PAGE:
UNLV to Build New Hospitality Hall

The University of Nevada, Las Vegas has announced its new Hospitality Hall, a $56 million project which has received $15 million in donations from six gaming giants. Construction is expected to begin at the end of 2015.

While Las Vegas regarded as the global gaming capital, the University of Nevada, Las Vegas is naturally regarded as the global capital of gaming education. Instead of resting on their laurels, the university has announced the new, million Hospitality Hall, which will replace the Harrah Hotel College.

Boyd Gaming, Station Casinos, and MGM Resorts International have each recently committed $2.5 million towards the building. In 2010, the Caesars Foundation provided $2.5 million as well, as did Konami and Las Vegas Sands in 2014. The $15 million in gifts will be in addition to the Nevada Legislature appropriating $24.4 million after the recently completed 2015 Legislative Session.

Chairman and CEO of Station Casinos Frank J. Fertitta III said, “Having a world class hospitality facility and program will allow for the further development of the future leaders in the hospitality and gaming industry worldwide.”

“The significance of these gifts for the college and for the overall success of the project cannot be overstated,” said Stowe Shoemaker, dean of the Harrah Hotel College. “The support of industry giants like MGM, Boyd and Station Casinos represents a huge investment in our students and our future standing in the hospitality arena.”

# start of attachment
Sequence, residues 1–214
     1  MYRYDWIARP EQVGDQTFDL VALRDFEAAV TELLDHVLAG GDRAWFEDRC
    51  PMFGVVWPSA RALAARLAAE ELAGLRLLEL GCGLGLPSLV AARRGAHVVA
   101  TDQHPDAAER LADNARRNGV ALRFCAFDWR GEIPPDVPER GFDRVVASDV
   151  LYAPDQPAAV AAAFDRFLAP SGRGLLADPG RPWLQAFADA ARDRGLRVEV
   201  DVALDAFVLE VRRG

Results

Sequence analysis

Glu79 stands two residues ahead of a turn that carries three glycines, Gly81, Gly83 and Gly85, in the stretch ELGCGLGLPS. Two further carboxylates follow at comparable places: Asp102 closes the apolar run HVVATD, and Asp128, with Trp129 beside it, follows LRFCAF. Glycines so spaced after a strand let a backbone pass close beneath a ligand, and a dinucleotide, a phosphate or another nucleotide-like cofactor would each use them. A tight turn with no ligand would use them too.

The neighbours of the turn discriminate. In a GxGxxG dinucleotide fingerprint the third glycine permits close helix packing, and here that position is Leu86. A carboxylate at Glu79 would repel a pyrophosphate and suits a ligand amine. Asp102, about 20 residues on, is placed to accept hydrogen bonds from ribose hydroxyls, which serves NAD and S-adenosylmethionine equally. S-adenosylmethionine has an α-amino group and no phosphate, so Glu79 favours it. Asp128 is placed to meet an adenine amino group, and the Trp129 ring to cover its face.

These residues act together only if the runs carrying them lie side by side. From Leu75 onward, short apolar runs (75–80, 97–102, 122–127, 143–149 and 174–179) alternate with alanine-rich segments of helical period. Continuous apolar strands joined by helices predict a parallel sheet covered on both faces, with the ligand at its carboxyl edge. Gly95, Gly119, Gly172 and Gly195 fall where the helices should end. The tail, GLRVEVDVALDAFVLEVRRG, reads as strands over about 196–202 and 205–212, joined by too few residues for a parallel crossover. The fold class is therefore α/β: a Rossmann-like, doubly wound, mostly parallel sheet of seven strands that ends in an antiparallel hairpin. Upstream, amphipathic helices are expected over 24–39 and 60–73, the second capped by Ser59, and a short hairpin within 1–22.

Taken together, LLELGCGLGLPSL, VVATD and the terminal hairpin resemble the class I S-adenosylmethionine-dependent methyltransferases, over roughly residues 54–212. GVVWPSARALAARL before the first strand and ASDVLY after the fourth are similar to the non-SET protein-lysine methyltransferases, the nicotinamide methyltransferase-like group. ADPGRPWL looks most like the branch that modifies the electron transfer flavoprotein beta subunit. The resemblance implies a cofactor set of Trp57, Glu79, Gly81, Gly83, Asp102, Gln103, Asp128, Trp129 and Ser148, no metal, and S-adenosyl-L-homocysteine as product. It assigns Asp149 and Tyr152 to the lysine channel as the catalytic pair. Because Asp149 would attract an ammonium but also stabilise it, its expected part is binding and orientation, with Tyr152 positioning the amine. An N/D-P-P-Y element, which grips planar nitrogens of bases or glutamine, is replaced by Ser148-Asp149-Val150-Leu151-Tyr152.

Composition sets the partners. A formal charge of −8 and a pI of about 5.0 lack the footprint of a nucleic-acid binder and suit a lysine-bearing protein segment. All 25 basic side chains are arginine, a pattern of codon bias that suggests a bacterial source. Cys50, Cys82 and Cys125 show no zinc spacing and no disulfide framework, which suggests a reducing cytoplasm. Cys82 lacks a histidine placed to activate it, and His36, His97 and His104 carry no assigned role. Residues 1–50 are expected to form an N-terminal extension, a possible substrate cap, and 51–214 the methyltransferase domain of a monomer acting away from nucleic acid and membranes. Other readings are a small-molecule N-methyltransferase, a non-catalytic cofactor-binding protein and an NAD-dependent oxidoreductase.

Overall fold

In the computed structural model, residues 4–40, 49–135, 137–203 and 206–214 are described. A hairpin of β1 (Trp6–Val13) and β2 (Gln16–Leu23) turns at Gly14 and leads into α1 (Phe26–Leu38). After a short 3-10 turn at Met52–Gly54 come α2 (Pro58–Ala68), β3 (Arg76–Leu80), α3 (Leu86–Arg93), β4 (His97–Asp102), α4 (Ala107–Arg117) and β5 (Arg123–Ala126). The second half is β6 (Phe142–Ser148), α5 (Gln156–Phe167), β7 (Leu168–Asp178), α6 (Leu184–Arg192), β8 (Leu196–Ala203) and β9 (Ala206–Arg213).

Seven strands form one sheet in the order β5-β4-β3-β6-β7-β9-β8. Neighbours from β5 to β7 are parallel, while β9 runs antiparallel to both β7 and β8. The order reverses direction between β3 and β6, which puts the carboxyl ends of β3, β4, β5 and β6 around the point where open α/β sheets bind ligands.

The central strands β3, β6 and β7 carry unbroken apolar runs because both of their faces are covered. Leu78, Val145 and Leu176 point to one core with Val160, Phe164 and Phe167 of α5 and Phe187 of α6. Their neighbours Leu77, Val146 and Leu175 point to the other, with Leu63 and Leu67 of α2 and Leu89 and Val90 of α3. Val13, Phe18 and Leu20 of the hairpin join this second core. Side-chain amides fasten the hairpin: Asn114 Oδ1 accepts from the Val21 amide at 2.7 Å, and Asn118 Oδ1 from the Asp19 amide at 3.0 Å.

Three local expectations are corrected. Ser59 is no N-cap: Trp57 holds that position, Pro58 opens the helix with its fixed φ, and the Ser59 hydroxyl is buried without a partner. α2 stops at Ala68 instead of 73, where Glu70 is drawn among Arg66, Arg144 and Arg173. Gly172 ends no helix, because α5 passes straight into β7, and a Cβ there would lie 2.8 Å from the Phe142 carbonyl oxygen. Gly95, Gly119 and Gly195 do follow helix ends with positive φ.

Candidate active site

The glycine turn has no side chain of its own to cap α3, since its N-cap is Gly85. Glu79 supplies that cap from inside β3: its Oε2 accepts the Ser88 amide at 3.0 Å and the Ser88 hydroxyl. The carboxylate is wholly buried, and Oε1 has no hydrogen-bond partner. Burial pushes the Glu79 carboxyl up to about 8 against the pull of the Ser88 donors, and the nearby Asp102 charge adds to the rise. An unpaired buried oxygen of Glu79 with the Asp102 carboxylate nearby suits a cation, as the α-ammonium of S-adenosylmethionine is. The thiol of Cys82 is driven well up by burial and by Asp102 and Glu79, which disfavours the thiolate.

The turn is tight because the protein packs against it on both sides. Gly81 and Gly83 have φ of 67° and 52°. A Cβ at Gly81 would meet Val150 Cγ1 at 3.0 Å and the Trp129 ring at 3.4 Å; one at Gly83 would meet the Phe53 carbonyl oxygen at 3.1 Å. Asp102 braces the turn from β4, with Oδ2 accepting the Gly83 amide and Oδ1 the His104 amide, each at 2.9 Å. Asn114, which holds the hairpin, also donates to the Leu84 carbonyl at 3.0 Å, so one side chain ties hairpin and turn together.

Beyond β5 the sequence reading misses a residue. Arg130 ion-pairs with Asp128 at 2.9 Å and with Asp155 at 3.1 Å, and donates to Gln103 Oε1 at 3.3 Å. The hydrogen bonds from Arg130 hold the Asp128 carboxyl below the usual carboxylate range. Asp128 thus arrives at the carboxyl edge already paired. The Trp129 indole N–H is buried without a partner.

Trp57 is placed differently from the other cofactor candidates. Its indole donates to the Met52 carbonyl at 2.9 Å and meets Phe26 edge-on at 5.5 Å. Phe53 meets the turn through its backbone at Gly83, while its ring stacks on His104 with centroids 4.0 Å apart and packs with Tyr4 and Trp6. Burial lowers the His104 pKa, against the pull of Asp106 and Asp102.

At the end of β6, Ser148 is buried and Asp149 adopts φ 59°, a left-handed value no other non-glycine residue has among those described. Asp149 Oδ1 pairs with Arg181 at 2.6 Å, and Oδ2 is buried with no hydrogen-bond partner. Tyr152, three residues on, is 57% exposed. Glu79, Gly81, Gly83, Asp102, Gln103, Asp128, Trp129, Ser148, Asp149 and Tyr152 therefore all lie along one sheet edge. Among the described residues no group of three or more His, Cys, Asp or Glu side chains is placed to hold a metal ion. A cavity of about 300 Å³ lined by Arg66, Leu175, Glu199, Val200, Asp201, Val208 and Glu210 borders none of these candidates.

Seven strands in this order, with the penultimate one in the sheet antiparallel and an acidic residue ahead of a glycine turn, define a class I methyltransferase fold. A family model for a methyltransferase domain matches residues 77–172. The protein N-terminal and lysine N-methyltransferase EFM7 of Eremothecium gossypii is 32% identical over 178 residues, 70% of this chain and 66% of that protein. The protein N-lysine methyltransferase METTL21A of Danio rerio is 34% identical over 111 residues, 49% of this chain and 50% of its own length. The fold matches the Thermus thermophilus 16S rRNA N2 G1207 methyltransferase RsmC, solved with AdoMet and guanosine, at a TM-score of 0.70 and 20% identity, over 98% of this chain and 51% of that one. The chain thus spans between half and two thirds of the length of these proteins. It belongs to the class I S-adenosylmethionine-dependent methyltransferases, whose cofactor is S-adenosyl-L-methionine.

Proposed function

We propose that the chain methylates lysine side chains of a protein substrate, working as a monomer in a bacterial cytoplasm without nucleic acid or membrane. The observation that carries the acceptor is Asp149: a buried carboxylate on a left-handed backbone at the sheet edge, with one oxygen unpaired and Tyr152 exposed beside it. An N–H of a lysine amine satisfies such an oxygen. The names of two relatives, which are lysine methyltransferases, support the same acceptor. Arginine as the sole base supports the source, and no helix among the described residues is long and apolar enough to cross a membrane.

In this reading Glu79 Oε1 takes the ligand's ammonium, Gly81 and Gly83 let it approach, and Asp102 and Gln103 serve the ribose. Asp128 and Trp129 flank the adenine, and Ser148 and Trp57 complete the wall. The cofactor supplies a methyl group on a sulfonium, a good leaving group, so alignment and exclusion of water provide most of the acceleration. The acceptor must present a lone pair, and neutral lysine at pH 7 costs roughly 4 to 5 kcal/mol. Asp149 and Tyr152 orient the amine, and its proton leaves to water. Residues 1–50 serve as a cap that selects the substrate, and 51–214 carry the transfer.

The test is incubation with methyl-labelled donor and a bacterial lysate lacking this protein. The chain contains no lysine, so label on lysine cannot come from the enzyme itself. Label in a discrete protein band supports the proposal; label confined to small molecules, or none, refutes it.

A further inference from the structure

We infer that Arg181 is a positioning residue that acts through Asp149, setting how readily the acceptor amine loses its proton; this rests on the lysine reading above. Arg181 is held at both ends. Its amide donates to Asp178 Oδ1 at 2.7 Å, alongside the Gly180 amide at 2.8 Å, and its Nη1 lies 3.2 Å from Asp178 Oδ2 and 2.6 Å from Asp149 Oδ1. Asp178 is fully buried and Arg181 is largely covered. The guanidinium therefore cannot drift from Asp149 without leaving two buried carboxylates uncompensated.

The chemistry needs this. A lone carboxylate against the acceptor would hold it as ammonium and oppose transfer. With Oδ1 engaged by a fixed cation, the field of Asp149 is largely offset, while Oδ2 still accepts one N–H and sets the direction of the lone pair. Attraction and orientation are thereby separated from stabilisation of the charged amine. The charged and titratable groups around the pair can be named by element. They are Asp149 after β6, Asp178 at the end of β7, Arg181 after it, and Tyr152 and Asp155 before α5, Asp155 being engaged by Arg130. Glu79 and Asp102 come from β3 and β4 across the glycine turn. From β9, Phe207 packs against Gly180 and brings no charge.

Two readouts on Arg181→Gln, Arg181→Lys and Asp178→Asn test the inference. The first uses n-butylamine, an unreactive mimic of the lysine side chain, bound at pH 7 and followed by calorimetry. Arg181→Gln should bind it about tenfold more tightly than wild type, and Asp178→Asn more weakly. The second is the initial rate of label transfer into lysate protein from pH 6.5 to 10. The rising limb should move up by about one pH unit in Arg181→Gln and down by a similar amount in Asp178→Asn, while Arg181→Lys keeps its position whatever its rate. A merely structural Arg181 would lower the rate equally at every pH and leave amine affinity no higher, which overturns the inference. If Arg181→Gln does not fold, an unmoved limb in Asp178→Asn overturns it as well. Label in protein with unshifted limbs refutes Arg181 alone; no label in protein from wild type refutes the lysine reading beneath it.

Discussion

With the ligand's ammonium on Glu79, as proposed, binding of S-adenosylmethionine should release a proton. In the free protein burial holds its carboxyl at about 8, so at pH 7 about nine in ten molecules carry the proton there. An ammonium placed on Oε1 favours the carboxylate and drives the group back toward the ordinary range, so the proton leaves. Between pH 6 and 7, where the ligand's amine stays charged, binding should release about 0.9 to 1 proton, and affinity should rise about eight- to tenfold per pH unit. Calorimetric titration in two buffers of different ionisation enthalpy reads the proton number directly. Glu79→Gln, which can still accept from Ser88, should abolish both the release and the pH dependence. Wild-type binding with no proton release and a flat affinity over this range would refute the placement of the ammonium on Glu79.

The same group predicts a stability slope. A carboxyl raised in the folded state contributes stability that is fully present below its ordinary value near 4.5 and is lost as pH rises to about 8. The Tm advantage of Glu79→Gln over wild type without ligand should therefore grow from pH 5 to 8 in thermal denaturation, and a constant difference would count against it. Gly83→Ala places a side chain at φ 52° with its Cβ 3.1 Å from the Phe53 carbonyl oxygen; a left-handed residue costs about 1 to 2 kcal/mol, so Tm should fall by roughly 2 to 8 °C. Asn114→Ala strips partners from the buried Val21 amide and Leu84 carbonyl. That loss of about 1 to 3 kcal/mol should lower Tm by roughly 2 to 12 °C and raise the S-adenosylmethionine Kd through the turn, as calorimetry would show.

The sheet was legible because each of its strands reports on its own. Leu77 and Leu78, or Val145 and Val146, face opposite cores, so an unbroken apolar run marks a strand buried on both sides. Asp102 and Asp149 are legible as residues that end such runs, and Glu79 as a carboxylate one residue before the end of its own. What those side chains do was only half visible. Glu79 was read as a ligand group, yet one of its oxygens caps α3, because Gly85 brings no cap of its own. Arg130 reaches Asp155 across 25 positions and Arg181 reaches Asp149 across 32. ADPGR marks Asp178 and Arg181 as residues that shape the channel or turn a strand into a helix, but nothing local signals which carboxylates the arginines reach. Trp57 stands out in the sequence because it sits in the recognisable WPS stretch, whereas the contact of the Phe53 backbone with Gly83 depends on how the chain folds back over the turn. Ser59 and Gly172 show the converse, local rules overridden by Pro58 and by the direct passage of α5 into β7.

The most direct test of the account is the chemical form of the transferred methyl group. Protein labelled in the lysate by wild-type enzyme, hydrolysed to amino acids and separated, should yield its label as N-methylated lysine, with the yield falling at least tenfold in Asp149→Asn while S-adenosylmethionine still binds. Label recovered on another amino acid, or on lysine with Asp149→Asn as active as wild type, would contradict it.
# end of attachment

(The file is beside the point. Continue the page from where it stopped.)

Hospitality Hall will feature over 93,000 square feet of classroom, laboratory, and meeting space, with a design that will provide a sense of community and foster an encouraging environment for interaction among students, faculty, and industry professionals.

“The exciting thing about this new Hall is that it bridges the truly pioneering work that the founders of this school did in helping educate the leaders of today, and provides the foundational spirit with a proper laboratory and resources to continue to do this in the 21st century,” said Bo Bernhard, executive director of UNLV’s International Gaming Institute.

Shoemaker said the new curriculum will expand to reflect what the hospitality industry has become in terms of the integrated resort in the 21st century. When the school was founded in 1957, Nevada was the only state with legal casinos, and many students learned the ins and outs of the casino business, to find themselves filling roles at casinos on the Strip.

Now, 39 states feature casinos, and they continue to tap UNLV to help supply their workforce. “When they graduate, we want the hospitality industry to look at our students not as employees, but investments,” Shoemaker said. Groundbreaking on Hospitality Hall is anticipated near the end of 2015.